Morris: Good Advice from Mitch Daniels
by Leo Morris
If you were a hall monitor back in your school days, I apologize for the insult, but I did not care for your kind.
I was one of the crossing guards, and we considered ourselves a far superior breed.
Crossing guards stood at busy intersections, brave young arms extended, to keep dimwitted classmates from rushing out in front of demon cars. We were true public servants, and courageous ones at that, since in those unenlightened days we were allowed to perform the task without adult supervision.
Hall monitors roamed the corridors just before class start times in search of hapless friends without passes, eager to turn in their names to authorities in the naïve belief that this somehow made them part of the power structure. They were, if you’ll pardon the expression, wannabe goody two-shoes.
To put it into modern political terms, and to paraphrase the great Ronald Reagan, crossing guards were like the public officials who get elected to do something, and the hall monitors were like the ones who get elected to be something.
Which brings us to former Gov. Mitch Daniels, who also referenced the Reagan quote in announcing that he will not be seeking the U.S. Senate seat about to be vacated by fellow Republican Mike Braun.
I’m not here to defend Daniels’ record. I liked some of his accomplishments (cutting the government workforce and capping property taxes), remain ambivalent about some (getting a one-time, upfront payment for privatization of the toll road) and strongly object to some (pushing through the despicable Daylight Saving Time).
But I’ve always liked and admired him as a public figure, and I’ve never doubted his integrity in pursuing his visions for policy or his sincerity in explaining his reasons for them.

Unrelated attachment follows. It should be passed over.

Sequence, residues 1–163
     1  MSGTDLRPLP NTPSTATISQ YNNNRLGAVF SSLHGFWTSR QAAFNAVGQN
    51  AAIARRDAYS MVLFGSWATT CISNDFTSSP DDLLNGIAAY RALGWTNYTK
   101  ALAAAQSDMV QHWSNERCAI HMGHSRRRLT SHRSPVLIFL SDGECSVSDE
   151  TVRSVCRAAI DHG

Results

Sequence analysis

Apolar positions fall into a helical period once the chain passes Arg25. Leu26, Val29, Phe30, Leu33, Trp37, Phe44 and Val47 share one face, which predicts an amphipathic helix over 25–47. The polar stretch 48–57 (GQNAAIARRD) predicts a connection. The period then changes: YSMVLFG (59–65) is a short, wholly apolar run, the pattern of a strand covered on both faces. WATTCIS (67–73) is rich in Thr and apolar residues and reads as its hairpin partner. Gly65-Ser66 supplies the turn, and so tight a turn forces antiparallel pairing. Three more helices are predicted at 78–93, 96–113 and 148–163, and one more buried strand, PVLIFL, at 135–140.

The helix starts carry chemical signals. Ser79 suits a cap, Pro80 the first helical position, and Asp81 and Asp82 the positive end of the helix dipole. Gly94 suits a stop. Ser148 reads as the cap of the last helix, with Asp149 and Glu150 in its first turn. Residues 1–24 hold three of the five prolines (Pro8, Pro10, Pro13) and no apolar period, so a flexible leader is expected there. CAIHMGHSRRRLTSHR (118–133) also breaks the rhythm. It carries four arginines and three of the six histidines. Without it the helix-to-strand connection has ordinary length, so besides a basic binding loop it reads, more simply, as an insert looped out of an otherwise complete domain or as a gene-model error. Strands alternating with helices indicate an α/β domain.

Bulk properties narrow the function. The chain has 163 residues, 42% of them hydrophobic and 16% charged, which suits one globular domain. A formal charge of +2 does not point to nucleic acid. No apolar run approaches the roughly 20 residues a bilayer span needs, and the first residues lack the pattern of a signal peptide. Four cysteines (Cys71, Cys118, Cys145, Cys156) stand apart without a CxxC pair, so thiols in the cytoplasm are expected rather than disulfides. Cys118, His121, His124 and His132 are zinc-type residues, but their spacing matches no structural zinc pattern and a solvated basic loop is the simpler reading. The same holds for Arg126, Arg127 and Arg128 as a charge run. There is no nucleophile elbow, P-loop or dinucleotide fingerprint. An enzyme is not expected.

So I believe him when he says, elaborating on the Reagan quote, that he has a preference for the “citizen servant approach to public life. I believe that politics and government are worthy pursuits, which men and women of good will should undertake if they can, not as a life’s work or an end in itself, but to try to ensure that the important realms of society – the private economy, our voluntary associations, local communities and neighborhoods – can all flourish.”
The concept of “citizen servant” is one of those elemental ideas that looked great on paper but never quite worked in the real world. Clearly, the Founders envisioned politics as a mechanism for getting ordinary people into and out of public office. But it almost immediately became a lifelong pursuit for those in a whole new class of professional politicians eager to belong to the Ruling Elite.
As a result we have far too many people who seek office to be something, far too few who want to really do something, in the sense that Reagan and Daniels meant. We have too many hall monitors who want to massage and manage us, the equivalent of chiding us for being late to class, and too few crossing guards who would try to keep danger at bay but otherwise let us simply live our lives.
And it can be a fine line, public servants who start out seeking to do but get sucked into the allure of just being in a class above the common herd.
Just consider that Braun has tasted the life of a senator and now wants to be governor. Jim Banks is already a representative but now wants that Senate seat. Have they crossed the line from doing into being? They should honestly ask themselves that question, and voters should think about it, too.
And whoever gets that Senate seat should heed these words from Daniels:
“People obsessed with politics or driven by personal ambition sometimes have difficulty understanding those who are neither. I hope to be understood as a citizen and patriot who thought seriously, but not tediously, about how to be deserving of those labels . . .”
Yes, you, too, can be a crossing guard, even if you’re a recovering hall monitor.
Leo Morris, columnist for The Indiana Policy Review, is winner of the Hoosier Press Association’s award for Best Editorial Writer. Morris, as opinion editor of the Fort Wayne News-Sentinel, was named a finalist in editorial writing by the Pulitzer Prize committee. Contact him at email@example.com.